If these are your ideas of plotholes, then you're misusing the term. Perhaps you'd like these things explained more in depth, and if that's the kind of storytelling you prefer, then that's fine. But nothing about any of this (except maybe #1) actually doesn't make sense or go against any of the world's rules.
Then let me address this before going back to tackle the actual points, because I really don't think I'm misusing the term at all.
To quote Wikipedia (which admittedly isn't perfect but I think this definition is reasonable): A plothole is a gap or inconsistency in a storyline that goes against the flow of logic established by the story's plot. Such inconsistencies include such things as illogical or impossible events, and statements or events that contradict earlier events in the storyline. I would also add onto that things that contradict plain, common sense, but I suppose you're welcome to dispute that addition.
Now, you can argue whether my arguments are right or not, but if you do accept that my argumentation is correct, then I don't see any way that you cannot consider these plot holes. If Snoke's origins make no sense given the lore that was built up in the prequels, that is an event that contradicts earlier statements in the Star Wars storyline. If the force acts inconsistently compared with previous films, that is a plothole, because it contradicts how the force is shown to work previously. Etc. etc.
To the other points:
1) I feel like this is a pretty significant stretch, especially if Leia is unconscious. Admittedly what the force allows its users to do is so vaguely defined that it's hard to say what is or isn't feasible, but I think you'd see more usage of that in the series. A field that entirely negates the vacuum of space would have to be pretty strong, and it seems like it would have been used before.
2) I guess I missed that explanation, but it just backs the plot issue up to a previous point, i.e. Snoke's origin. But more on that in Point 5.
3) Given that not five minutes earlier a Resistance fighter crashed her ship into a friendly ship to stop him from taking out an enemy cannon, and only an hour ago had two coups back to back, I don't think the kindergarden label is inaccurate. And, again, why take the chance? The resistance is scared, many of their members are clearly not thinking very straight, and they're backed into a corner. They're probably not in the best state of mind. Why would you assume that they would be thinking logically when you can just, with a single sentence, ensure that they get what you're doing?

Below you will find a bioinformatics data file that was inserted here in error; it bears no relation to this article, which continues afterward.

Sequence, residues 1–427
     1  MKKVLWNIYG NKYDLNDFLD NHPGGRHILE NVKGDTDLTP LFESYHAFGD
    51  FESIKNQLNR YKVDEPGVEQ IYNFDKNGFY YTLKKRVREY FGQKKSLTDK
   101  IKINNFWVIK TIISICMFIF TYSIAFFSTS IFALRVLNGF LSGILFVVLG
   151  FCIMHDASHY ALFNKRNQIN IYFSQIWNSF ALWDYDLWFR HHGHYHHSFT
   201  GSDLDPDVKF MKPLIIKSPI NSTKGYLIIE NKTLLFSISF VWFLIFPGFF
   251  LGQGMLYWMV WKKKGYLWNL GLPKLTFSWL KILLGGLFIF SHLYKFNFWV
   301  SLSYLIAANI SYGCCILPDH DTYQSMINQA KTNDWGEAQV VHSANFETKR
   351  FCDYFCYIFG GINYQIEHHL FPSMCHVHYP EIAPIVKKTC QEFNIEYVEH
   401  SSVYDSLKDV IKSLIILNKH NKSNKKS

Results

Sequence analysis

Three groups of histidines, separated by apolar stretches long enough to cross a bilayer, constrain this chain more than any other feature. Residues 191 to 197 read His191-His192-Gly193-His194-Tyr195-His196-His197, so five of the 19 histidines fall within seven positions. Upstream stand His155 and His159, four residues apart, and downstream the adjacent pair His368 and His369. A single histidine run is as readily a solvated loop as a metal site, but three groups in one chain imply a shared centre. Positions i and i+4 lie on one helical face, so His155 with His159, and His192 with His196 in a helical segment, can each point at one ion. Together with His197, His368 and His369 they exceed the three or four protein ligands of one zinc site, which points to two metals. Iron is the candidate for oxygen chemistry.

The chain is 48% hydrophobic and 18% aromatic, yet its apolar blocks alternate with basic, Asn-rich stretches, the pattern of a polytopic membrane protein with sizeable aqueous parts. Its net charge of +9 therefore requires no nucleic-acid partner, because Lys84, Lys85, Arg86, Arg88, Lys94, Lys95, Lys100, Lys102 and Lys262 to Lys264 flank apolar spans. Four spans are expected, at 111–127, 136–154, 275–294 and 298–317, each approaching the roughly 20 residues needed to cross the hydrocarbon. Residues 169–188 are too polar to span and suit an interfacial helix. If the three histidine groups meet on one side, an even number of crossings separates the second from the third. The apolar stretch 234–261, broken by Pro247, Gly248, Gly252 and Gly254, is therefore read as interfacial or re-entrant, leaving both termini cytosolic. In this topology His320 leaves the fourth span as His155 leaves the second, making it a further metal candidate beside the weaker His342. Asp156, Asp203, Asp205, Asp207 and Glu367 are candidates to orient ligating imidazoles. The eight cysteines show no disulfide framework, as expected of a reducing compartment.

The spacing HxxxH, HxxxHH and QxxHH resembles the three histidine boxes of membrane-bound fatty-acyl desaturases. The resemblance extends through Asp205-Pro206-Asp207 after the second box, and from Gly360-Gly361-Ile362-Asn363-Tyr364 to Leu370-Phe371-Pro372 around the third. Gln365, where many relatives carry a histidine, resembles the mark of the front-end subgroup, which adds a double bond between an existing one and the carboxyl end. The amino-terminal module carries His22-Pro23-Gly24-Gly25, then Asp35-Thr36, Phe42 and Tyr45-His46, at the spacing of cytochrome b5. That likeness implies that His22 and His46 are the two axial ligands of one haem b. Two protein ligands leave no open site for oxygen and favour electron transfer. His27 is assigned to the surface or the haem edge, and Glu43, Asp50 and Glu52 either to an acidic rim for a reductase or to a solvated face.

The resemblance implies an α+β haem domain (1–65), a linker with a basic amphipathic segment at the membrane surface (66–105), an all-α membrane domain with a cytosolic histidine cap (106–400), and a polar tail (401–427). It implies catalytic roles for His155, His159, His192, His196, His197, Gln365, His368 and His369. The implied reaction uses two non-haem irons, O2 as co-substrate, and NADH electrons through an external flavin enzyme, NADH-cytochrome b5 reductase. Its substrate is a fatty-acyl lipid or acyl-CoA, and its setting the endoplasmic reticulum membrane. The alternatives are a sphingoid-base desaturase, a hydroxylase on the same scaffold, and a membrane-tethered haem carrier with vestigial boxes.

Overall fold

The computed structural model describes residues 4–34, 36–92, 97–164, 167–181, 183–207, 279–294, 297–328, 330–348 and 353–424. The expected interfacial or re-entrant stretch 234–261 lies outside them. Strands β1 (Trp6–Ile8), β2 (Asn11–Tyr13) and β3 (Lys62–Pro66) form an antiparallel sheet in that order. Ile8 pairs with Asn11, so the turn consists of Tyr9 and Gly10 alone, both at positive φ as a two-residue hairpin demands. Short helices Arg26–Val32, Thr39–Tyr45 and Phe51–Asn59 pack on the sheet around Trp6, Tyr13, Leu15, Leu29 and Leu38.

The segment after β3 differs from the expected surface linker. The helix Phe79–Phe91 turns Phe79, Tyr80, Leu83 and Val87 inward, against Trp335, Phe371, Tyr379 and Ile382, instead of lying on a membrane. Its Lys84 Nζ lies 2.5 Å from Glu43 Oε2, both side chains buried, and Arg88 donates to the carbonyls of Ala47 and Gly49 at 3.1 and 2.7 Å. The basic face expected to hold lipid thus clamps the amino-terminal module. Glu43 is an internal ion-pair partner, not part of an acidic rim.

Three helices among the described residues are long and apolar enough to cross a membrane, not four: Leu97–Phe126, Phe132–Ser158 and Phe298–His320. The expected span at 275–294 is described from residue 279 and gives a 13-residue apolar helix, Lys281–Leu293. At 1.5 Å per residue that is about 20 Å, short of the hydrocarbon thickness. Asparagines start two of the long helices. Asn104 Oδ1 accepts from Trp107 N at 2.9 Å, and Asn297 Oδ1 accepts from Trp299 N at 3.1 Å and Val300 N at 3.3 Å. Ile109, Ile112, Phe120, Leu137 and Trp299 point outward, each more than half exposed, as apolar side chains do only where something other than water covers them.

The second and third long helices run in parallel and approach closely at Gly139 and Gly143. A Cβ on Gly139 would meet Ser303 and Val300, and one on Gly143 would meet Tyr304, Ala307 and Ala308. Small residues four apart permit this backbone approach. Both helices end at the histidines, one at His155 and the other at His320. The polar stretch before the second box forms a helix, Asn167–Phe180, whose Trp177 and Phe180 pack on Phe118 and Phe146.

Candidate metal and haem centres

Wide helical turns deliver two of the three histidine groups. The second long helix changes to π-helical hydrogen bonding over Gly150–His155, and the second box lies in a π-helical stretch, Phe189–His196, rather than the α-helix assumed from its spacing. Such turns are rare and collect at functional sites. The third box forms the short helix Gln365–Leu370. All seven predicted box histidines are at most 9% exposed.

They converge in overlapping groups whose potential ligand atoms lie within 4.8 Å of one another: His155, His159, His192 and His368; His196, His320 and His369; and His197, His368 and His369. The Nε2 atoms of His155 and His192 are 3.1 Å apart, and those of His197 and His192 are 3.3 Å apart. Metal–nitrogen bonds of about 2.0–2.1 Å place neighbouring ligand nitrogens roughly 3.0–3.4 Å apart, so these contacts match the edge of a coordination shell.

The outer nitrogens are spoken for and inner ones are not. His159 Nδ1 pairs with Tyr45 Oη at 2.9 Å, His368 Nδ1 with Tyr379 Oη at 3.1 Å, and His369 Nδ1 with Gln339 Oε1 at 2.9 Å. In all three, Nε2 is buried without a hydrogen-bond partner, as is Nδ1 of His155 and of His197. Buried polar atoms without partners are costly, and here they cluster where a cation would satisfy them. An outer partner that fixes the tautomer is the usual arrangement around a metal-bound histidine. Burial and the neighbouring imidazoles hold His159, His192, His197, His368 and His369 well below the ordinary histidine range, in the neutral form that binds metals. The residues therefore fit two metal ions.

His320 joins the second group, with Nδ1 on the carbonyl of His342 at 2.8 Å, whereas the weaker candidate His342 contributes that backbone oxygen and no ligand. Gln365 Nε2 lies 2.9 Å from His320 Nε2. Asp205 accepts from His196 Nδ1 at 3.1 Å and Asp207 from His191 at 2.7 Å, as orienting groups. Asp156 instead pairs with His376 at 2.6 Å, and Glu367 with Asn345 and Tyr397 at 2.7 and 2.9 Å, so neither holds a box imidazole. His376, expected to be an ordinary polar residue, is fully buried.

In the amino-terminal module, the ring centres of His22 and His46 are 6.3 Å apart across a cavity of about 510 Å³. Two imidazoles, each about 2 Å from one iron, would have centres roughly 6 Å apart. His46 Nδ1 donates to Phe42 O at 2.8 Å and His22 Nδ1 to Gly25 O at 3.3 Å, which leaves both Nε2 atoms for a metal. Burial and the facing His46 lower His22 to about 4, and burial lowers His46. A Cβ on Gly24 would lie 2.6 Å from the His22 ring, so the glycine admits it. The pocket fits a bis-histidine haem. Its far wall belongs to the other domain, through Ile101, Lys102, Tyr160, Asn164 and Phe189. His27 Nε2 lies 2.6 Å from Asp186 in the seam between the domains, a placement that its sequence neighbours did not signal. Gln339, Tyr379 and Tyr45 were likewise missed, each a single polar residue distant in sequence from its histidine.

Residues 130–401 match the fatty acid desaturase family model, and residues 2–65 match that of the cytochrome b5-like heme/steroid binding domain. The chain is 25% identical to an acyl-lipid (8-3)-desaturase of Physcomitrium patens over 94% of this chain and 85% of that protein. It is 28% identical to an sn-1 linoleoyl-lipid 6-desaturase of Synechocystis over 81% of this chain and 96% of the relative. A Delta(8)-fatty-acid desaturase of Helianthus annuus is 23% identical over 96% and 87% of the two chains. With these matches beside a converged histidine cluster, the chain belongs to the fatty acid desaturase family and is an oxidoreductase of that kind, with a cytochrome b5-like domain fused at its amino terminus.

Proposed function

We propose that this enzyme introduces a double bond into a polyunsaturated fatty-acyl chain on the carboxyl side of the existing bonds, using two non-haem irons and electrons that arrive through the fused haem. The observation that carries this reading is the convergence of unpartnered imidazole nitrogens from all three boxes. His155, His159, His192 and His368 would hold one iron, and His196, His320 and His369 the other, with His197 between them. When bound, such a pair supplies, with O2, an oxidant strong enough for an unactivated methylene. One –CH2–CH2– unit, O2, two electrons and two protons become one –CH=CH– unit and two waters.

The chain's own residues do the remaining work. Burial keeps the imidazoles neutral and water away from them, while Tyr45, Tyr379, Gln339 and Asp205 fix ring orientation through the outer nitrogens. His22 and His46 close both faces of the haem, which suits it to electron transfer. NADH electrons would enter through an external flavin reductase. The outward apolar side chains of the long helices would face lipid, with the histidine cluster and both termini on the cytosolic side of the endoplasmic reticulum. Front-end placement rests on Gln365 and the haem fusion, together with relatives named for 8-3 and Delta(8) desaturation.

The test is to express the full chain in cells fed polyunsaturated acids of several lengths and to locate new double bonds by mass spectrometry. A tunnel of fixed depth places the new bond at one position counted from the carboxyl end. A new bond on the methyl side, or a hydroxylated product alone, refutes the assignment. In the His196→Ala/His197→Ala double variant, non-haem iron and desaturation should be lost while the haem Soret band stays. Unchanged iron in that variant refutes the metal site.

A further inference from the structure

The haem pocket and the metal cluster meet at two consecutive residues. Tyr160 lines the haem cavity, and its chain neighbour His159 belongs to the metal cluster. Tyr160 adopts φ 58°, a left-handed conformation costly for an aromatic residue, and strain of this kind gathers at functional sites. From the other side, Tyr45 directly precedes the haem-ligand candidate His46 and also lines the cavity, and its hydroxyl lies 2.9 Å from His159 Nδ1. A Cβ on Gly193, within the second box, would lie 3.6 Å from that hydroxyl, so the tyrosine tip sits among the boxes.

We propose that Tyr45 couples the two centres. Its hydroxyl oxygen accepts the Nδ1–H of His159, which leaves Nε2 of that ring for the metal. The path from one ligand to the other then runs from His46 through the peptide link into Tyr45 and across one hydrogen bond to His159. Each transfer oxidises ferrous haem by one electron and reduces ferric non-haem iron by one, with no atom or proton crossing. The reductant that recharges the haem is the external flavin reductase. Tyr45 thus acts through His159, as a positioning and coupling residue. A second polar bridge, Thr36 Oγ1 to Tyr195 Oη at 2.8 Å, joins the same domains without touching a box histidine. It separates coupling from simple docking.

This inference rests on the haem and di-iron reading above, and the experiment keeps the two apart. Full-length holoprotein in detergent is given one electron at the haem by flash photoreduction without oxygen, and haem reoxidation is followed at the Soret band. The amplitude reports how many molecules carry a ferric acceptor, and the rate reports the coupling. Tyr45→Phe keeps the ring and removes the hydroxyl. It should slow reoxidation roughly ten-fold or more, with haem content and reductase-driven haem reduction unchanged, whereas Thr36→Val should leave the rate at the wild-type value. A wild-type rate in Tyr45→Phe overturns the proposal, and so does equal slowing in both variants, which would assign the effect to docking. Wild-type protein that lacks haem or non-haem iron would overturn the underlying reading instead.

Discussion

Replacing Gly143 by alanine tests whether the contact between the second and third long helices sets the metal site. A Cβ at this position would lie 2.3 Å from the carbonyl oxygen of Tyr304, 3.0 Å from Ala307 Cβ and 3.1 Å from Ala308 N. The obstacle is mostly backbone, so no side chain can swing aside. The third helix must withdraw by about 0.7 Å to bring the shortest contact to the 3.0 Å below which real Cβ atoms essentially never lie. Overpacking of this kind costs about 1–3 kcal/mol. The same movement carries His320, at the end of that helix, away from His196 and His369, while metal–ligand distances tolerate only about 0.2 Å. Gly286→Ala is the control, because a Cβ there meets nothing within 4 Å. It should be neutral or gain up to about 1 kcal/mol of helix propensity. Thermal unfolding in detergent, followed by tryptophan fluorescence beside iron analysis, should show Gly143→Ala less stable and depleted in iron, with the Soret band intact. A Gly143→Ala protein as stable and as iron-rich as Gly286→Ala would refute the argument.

And the idea of Luke just acting erratically is a poor excuse at best. If he was capable of formulating a plan like that and having a last, meaningful conversation with his sister, I think his mental condition was intact enough to simply say "Hey I'm stalling them, make a run for it."
#4: Maybe I missed this, but...when was it mentioned that Qui-Gon developed the technique? At the end of Episode 3, Yoda talks about communicating with the dead, but that doesn't seem like the same thing. And, on top of that, it brings up another issue...
#5: If Snoke wields this long-distance communication power which, according to you, was exclusive to Qui-Gon, Obi-Wan, Anakin, and Yoda, then where did he get it?
The knowledge of the Jedi and Force was pretty much reduced to myth status, if A New Hope is anything to go by. Han disregards it as superstition when he first meets Luke and Obi-Wan.
As for other individuals, granted, there are plenty of force sensitive people. But Snoke, even if he isn't explicitly stated to be a Sith, is very much skilled with the dark side of the force. That takes training, and there aren't exactly a ton of people who are offering lessons in force wielding out there.
Again, why this all matters is the stakes that the universe operates by. If your universe is filled with gaping plotholes, then it's just inconsistent. To quote my previous post: "The less consistent your universe is in operating within the parameters it sets for itself, the less believable it becomes. And the less believable it becomes, the less reason I have to care about any of the stakes in these movies. If these all powerful force beings can just spring up out of seemingly nowhere, why should I care at all about what happens to Rey or Kylo? Who's to say that another highly skilled force wielder that we've never heard of and is only appearing now for some reason won't just suddenly pop up to save/destroy the galaxy next? Who's to say that there isn't some other force sensitive kid who will pop up out of nowhere to save the galaxy? When you discard the rules that you set forth for yourself, your universe becomes an utterly arbitrary place where anything can happen for the sake of whatever plot device seems coolest to the director."